Alligator Attacks Homeless Woman in Florida's Citrus County Lake

A Florida homeless women has escaped the clutches of an alligator who latched on to her arm while she was swimming.

Felicitie Marie Gillette, of Citrus County, was swimming in Lake Hernando when the alligator bit in to her left arm and dragged her underwater. The Florida Fish and Wildlife Conservation Commission (FWC) told Newsweek that Gillette was able to fight the alligator off and swim to the shore. She immediately called 911 for help. The 24-year-old was swimming in the lake at around 1 a.m.

Gillette was taken to a local hospital for treatment but did not sustain any serious injuries. The alligator was reportedly between five and six-feet-long. Lake Hernando has been closed off from the public beach. Footage has even emerged on social media of the alligator swimming near the netting.

Stock image: A homeless women in Florida has survived at an attack by an alligator at Lake Hernando in Citrus County. Getty Images

Citrus County Sheriff's Office said it was working to catch the crocodile. A trapper has been requested for the search. Anyone who sees an alligator they believe poses a threat should call the FWC.

FWC spokeswoman Karen Parker said she was glad the woman was okay. "FWC's advice is be aware of the possibility of alligators when you are in or near fresh or brackish water," Parker said. There have not been any other alligator attacks in Lake Hernando in the past 12 months.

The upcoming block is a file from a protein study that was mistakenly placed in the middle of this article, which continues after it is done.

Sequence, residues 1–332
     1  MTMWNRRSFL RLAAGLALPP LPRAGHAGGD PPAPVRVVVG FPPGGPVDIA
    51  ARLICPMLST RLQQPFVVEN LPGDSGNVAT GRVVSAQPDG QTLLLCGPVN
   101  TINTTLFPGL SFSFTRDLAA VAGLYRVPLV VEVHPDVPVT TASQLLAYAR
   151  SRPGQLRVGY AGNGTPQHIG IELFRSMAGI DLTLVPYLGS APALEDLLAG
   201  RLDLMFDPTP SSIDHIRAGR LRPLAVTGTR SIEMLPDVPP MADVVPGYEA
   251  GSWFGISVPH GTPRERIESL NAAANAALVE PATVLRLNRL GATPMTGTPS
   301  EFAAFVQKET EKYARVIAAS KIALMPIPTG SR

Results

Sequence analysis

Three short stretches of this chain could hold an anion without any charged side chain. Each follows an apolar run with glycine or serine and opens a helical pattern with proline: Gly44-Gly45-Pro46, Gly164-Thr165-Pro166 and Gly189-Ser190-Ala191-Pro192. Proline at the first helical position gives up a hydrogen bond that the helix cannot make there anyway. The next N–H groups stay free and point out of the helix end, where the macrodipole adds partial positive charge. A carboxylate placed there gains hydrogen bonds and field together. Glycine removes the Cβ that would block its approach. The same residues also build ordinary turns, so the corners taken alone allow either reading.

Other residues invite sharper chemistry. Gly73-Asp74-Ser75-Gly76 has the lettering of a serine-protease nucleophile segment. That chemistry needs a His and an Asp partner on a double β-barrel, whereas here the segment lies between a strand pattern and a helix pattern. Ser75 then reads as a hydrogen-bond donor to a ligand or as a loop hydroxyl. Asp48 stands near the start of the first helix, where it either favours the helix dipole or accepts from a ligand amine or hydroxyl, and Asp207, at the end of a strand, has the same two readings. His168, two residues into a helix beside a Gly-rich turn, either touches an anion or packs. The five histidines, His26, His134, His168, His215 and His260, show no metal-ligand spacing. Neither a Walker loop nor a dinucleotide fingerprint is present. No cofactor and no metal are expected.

Earlier this week, a photo circulated on Instagram showing a crocodile crossing a Florida canal using a pool noodle. The post, which was uploaded by vfpkeys, is accompanied by the caption "Crock (sic) on a float."

It was put up two weeks ago and shows the crocodile riding a yellow pool noodle. Photographer Victor Perez has now been inundated by requests by media to use the photo.

Perez said he regularly sees crocodiles crossing canals but never out in the bay. A second photo was uploaded on his account showing a different angle of the crocodile riding the noodle. The crocodile was swimming just behind Perez's house, he confirmed on Instagram.

The FWC say crocodiles have now become accustomed to people and may approach for food scraps, if they have received food in the past. Feeding crocodiles in Florida is illegal. Crocodiles are more likely to attack small mammals, such as pets. Pet owners who live near water are advised to fence off their property from the water.

"Often, the best course of action is to simply give the crocodile time to move on," the FWC say. "Depending on the crocodile's size, behavior, and situation the animal might be captured and moved."